(Polar molecules, Non-polar molecules, etc.)
10 posts • Page 1 of 1
When an atom has lone pairs of electrons, the bond angles are often written with a "less-than" symbol because lone electron pairs have a slightly higher repulsion than normal bonding pairs do, so they push them away more lone pairs, and thus a little closer to other bonding pairs.
Lone pairs have greater repulsion strength than bonding regions do. So lone pairs will tend to push bonding regions closer together, making the bond angles "a little less then" their typical value. For example, if you have a tetrahedral with 1 lone pair, the three bonding regions will have bond angles of a little less than 109.5 because the lone pair is pushing them together more than another bonding region would.
Besides for some tetrahedral and trigonal pyramidal bond angles being less than 109.5, are there other molecular shapes we should know for test 2? Also, how would we know the bond angles for more complicated shapes like trigonal bipyramidals?
Letty Liu 1K wrote:Besides for some tetrahedral and trigonal pyramidal bond angles being less than 109.5, are there other molecular shapes we should know for test 2? Also, how would we know the bond angles for more complicated shapes like trigonal bipyramidals?
So far we're suppose to know: linear, trigonal pyramidal, tetrahedral, trigonal bipyramidal, octahedral, bent, and seesaw.
More complicated shapes usually have multiple possible bond angles. I would just try to visualize it and relate each angle to ones in the simpler molecular shapes.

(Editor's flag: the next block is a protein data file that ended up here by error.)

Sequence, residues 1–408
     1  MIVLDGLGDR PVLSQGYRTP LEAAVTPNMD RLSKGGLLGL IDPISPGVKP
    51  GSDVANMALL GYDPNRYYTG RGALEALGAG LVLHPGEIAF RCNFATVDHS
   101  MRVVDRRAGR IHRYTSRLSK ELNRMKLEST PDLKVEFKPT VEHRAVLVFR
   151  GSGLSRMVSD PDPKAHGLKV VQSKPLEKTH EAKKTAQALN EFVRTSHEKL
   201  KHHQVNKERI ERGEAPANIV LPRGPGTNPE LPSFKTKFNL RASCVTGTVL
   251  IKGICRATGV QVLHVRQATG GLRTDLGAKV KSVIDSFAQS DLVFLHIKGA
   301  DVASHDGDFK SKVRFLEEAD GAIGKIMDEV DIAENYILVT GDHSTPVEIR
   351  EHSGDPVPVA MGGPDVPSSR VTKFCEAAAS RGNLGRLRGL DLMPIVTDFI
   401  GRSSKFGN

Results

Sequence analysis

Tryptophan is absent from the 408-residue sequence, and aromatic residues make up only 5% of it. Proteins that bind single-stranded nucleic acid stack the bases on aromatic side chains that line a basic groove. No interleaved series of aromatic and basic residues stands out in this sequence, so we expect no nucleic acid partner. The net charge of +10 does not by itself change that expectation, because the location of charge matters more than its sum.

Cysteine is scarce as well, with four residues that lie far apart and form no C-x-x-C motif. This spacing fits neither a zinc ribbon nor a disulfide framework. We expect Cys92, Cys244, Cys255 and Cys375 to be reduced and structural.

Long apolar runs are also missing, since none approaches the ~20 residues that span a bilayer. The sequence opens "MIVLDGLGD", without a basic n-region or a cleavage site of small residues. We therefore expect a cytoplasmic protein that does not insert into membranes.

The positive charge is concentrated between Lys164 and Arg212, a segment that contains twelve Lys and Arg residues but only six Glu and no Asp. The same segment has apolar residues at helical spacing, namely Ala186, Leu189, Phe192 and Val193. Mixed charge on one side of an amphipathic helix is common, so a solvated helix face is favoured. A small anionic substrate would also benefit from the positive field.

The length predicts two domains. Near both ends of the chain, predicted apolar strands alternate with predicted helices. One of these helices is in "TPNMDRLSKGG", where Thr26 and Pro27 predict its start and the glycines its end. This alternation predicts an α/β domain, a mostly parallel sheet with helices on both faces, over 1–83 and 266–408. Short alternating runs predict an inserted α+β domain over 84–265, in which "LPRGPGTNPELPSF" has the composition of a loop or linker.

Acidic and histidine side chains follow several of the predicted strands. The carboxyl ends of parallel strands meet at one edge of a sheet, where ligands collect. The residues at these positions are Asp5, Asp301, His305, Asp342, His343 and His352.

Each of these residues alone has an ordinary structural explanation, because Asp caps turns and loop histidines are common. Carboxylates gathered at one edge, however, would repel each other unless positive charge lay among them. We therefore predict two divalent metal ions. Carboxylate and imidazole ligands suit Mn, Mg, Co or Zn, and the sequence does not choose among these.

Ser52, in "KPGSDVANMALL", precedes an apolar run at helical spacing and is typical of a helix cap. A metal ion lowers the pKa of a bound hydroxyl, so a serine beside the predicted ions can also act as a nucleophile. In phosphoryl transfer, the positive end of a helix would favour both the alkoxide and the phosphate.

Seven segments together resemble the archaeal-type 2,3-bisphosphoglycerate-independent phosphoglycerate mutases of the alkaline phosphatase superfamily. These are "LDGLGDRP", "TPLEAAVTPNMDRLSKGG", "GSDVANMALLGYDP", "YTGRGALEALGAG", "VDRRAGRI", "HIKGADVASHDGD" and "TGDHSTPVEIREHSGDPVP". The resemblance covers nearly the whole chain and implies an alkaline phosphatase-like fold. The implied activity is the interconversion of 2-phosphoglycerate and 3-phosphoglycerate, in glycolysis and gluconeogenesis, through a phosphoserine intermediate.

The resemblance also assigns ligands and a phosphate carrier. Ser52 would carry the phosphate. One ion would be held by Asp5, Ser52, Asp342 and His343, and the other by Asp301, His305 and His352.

There can be multiple reasons for this. One, for example, is due to the presence of lone pairs that repel electrons from other atoms, making the bond angles lower. Two, it can be the number of electrons on an atom: like the examples in class today-- SO3 2- and NH3. Since O has more electrons than H, it will be repelled further away that H, making the bond angle between SO3 2- slightly lower than NH3.
Differences in bond angles are dependent on the type of atoms involved in the molecule and their electronegativity and the lone pairs. For example, NH3 and SO32- are both AX3E molecules, but the NH3 has a 107 degree bond angle and SO32- has 106 degree bond angle.
Bonding pairs are slightly farther away from the central atom compared to lone pairs which utilize their higher repulsion to push the bonding pairs close together , taking up more space since they tend to be closer to the nucleus.
Who is online
Users browsing this forum: No registered users and 1 guest